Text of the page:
Whether or not it is prudent to reopen, there is yet another epidemic raging that must be considered, and of course that is the problem of police violence.
Mass spends millions every year replenishing its weapons stockpiles, as do municipal police agencies. In almost every instance, there is little to no oversight.
None of the segments or articles amplifying the push to reopen restaurants sought input from a medical professional or anyone else who might suggest that opening the doors next week is reckless.
According to one probationer who I spoke with for this column, that routine—which they had to go through twice last week—involves waiting in a lobby close to other people, riding in an elevator with an Averhealth employee, pulling their pants down and shirt up, peeing in a cup, and handing over the goods.
“There’s a lot of money being thrown at the Harbor Islands now—they want to put hotels there and all kinds of things, but there were burials all over there, so that’s a battle we’re going to have.”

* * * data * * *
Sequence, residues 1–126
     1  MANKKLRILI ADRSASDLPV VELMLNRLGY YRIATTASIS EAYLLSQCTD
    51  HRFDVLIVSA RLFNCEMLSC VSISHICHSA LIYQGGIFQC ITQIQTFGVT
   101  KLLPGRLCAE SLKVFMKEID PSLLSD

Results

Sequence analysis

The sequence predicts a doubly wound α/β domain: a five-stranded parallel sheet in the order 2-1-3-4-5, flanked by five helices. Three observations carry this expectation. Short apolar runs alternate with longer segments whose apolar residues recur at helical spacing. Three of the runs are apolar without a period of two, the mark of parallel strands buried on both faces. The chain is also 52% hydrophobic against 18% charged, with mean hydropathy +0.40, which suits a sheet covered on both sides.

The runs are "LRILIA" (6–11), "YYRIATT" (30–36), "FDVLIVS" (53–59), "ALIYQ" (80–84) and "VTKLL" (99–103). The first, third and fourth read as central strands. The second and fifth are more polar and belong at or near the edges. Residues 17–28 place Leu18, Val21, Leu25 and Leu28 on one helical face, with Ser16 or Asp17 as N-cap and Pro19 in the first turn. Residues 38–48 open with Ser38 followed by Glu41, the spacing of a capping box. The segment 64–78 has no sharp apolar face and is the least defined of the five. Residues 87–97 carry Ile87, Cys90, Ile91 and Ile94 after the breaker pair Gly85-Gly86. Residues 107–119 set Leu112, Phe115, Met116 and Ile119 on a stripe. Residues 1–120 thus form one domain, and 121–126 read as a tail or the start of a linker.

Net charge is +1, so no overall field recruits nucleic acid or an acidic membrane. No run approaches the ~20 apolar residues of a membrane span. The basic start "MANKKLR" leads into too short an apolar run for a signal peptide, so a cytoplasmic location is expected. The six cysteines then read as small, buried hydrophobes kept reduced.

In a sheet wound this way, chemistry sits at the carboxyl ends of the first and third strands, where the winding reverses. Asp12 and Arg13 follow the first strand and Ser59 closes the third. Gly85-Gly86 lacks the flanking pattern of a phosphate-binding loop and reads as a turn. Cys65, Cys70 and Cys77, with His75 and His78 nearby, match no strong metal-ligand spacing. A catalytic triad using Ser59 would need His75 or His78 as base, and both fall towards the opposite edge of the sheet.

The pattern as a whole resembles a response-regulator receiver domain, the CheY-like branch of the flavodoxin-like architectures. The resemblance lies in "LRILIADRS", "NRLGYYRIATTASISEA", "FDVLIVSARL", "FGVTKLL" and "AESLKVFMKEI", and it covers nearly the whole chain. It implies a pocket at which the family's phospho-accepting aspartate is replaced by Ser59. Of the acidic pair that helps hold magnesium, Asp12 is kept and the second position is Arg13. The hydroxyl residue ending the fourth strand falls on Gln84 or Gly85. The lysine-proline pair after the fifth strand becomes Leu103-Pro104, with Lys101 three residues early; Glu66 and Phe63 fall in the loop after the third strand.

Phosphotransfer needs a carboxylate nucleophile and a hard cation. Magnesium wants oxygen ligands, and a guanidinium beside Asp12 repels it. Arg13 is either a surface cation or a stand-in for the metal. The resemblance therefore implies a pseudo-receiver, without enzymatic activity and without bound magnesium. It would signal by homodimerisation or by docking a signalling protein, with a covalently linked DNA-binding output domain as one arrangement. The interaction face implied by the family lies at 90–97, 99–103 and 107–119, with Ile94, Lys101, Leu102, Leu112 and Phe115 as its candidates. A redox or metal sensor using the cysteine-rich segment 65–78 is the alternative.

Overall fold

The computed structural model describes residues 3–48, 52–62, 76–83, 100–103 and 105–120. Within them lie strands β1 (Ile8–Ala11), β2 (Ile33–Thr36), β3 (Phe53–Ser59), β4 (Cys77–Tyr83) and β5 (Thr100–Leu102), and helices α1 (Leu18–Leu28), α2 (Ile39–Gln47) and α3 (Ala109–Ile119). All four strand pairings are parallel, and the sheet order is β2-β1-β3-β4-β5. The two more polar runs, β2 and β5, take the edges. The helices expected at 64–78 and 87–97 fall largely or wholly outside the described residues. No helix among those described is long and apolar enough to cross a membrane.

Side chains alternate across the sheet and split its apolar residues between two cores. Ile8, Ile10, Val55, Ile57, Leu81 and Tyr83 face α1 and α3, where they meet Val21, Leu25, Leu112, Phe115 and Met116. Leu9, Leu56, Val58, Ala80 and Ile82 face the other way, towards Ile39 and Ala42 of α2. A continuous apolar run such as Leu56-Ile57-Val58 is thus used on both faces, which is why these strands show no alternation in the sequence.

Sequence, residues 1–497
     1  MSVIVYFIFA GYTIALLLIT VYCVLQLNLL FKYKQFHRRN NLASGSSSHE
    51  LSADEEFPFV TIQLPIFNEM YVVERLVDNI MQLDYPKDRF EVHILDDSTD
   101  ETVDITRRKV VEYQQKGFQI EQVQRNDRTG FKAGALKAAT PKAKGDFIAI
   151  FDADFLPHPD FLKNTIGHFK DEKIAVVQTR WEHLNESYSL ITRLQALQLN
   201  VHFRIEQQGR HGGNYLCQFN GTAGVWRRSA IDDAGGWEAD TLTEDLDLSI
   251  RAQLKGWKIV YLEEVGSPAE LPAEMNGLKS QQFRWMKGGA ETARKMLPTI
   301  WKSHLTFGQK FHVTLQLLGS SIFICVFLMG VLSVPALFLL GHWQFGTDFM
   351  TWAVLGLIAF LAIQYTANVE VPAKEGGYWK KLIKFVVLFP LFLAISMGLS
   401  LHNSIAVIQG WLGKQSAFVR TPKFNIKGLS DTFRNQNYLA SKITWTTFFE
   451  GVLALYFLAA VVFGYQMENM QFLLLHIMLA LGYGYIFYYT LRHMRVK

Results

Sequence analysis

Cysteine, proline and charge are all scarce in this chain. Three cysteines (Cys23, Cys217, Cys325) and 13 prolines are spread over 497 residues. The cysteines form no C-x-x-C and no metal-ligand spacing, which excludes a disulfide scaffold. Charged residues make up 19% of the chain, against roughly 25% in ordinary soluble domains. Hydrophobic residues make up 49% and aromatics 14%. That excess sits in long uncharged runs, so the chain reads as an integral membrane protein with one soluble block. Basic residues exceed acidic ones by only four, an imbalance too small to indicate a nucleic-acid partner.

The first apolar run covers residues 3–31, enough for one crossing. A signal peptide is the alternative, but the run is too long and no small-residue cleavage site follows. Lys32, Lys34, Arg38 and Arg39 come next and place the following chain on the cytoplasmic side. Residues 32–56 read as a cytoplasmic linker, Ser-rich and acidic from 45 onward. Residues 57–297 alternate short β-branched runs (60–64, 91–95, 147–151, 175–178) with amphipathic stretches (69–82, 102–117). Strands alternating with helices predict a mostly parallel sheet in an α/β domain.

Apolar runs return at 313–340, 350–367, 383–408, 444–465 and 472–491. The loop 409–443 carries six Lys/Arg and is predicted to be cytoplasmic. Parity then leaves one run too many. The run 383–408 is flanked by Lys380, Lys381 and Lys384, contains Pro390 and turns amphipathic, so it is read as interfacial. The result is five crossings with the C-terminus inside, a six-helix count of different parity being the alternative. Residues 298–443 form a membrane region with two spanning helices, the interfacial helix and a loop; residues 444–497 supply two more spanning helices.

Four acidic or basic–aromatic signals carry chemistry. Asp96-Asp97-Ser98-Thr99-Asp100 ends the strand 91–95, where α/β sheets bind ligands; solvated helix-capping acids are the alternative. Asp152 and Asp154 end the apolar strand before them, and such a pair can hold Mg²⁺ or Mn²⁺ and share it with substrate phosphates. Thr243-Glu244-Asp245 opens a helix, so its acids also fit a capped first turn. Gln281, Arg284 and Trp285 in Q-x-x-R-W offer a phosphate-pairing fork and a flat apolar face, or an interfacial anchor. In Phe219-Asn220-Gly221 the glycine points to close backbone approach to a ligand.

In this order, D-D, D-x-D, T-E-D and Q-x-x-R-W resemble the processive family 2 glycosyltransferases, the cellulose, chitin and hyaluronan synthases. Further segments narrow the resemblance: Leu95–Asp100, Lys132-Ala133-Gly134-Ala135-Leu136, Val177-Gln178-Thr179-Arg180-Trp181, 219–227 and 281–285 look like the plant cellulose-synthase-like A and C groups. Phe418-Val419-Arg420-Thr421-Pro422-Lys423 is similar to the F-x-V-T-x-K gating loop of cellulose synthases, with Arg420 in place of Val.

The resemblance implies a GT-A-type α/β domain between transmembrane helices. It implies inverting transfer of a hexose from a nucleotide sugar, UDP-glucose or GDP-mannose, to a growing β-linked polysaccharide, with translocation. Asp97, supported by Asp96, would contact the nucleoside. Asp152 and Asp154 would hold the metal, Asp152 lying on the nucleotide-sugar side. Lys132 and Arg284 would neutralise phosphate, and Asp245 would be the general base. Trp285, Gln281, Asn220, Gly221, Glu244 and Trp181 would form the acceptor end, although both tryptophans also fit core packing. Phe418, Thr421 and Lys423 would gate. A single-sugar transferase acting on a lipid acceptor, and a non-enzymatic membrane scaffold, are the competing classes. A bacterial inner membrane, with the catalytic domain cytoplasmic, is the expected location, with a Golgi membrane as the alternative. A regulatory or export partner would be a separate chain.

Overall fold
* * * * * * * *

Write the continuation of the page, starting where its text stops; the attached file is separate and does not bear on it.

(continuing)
In the process of editing this week’s cover feature by Jean Trounstine, a collaboration with the ...
Without First Amendment crusaders to catch our backs, journalists—along with educators, activists, and anybody else whose career or passion often requires that they take unpopular public positions—would be no more useful than a Putin fan zine published by the Kremlin.
Don’t even think about leaving the arcade before you swipe a couple bucks away trying to wrap a claw that couldn’t lift a Lego around an anonymous L.O.L. Surprise! prize the size of a toddler.
My point is to draw a comparison between the horse-race repetition and robotic uniformity of the kind of trash commercial bigs, from putrid right-wing radio to elitist broadsheets like the Post, reported out of New Hampshire this week, and the unique features that our squad produced.